Archive for March 18th, 2011

History of the Meyer Lemon Tree

I spoke with Christine last night and she alerted me to the possibility that my “Improved Meyer” lemon tree might not be a dwarf tree.  After doing research and reading up on the Meyer tree on Widipedia, I found out that Four Winds Growers played a signicant part in the creation of this variety.  I called up the nursery and was guided to the answer by identifying the graft.  There were no elbow shaped grafts located on the plant, so thus we deduced this was a dwarf tree.  Whew!

Karen at Four Winds Growers pointed me to the following link for more information on their history.

History – Dwarf Citrus Trees – Four Winds Growers.

Citronella today 3/18/11


It’s difficult to see, but there are no flowers or lemons on it just yet.  I had taken this shot with my iPhone so unfortunately we can’t enlarge the picture.  This spot ended up being too shady and I had to move the tree out into the full sun.  Citrus trees love lots of sun and water.  Watering every other day is definitely not excessive.  Good drainage, however, is important.

When life doesn’t give you lemons, go buy yourself a designer lemon tree!

For about two years I’ve been saying over and over again how much I would love to have my very own lemon tree. Being a renter in San Jose didn’t make me feel very confident that I could do a good job with taking care of an actual tree. I also figured this tree would eventually become about 15 feet tall and then what would I do with it? Well, that all changed when my friend Christine inspired me when she mentioned that she had a lemon tree in her down town apartment. I started doing research into lemon trees and found out that there are fruit bearing trees suitable for urban horticulture.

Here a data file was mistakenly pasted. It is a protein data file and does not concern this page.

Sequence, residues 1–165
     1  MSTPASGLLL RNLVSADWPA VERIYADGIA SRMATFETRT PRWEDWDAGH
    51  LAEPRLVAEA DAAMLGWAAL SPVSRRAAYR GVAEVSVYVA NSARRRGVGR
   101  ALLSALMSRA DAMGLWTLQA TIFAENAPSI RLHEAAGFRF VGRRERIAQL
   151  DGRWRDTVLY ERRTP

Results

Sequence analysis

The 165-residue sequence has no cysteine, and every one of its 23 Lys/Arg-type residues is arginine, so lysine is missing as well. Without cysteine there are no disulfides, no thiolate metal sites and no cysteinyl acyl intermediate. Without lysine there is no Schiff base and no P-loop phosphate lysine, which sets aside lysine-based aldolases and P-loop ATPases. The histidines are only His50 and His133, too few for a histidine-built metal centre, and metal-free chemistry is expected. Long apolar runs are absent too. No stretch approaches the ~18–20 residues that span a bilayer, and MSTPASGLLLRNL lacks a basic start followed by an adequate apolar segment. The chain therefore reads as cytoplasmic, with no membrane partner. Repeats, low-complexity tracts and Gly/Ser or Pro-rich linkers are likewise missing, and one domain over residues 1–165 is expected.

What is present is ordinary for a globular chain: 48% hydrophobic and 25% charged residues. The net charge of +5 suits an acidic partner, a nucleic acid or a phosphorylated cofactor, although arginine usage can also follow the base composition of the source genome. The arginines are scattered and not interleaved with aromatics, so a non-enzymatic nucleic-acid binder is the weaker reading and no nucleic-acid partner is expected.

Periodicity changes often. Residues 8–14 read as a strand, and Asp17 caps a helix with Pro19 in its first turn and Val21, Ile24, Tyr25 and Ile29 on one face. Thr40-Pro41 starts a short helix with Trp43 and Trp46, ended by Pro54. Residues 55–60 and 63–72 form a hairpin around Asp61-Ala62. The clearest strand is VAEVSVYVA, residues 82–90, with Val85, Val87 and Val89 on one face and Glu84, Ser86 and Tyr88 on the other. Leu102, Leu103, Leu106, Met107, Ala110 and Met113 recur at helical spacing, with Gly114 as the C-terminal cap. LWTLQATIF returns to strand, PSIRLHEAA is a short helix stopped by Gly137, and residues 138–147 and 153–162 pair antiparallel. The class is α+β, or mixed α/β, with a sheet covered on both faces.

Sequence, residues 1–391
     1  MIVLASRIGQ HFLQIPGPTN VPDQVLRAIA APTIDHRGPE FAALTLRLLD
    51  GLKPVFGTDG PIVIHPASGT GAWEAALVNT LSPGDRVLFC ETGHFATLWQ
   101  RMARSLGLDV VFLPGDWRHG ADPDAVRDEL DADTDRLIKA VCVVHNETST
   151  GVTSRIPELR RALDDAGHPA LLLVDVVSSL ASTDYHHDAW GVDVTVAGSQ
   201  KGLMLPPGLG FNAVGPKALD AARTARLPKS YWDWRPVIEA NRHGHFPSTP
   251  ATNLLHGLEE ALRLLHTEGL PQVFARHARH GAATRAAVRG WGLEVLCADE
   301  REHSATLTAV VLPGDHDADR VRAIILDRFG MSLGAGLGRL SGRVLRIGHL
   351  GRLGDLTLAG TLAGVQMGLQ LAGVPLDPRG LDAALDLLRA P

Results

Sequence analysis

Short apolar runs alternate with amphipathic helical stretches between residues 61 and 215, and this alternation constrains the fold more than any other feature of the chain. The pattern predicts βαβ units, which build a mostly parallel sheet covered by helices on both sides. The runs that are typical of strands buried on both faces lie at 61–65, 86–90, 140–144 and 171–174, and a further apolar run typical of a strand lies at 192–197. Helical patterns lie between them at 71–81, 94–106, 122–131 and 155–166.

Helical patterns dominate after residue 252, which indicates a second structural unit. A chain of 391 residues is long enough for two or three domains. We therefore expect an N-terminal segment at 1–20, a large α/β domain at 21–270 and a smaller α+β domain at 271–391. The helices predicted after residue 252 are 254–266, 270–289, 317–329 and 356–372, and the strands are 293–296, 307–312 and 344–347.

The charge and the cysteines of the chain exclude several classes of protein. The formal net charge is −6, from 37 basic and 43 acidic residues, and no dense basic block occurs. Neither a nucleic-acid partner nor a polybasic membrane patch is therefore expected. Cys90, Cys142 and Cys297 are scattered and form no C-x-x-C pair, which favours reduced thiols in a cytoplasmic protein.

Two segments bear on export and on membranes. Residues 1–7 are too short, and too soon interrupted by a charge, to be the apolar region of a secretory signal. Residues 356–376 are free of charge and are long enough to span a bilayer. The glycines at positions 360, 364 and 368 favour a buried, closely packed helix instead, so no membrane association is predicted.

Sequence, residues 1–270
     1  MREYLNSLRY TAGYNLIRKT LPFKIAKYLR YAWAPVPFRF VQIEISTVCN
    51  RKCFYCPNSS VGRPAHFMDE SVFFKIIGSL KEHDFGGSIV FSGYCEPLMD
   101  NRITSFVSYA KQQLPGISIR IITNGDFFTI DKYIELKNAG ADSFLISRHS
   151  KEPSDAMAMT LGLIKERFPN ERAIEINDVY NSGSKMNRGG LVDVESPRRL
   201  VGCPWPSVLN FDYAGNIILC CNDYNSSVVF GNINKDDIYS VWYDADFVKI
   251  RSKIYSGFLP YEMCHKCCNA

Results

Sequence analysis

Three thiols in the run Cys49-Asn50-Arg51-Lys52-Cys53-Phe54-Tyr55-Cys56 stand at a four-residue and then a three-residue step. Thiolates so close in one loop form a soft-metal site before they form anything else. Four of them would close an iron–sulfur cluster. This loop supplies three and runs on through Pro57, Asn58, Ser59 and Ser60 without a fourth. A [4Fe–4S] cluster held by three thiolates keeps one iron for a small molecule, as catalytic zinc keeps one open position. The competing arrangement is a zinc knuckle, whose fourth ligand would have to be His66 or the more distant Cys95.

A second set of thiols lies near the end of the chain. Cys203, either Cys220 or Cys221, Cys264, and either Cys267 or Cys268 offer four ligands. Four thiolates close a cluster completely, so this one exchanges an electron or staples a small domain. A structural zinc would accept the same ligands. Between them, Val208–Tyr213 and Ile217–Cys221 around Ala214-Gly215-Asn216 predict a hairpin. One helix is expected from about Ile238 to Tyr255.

I just planted the Meyer Lemon tree I had purchased two weeks ago today. I quickly came up with the name Citronella. What makes the Meyer tree perfect for urban horticulture purposes, is that it stays relatively small (about 6 ft tall at most and 5 ft wide) and manages to bear tons of fruit at this stature. The instructions state that Citronella requires 6 hours of daily sunlight and watering twice a week. I’ve read in tons of other websites that in the winter I’m supposed to bring Citronella inside the house as she won’t survive the cold temperatures. Citronella already has tons of flower buds on it already. I’m really hoping for actual fruit this summer.

Ever since I purchased Citronella I have noticed driving through different neighborhoods like Milpitas and Los Gatos many thriving small lemon trees with tons of fruit on them. This is so exciting that my plant might have a shot at doing well too!

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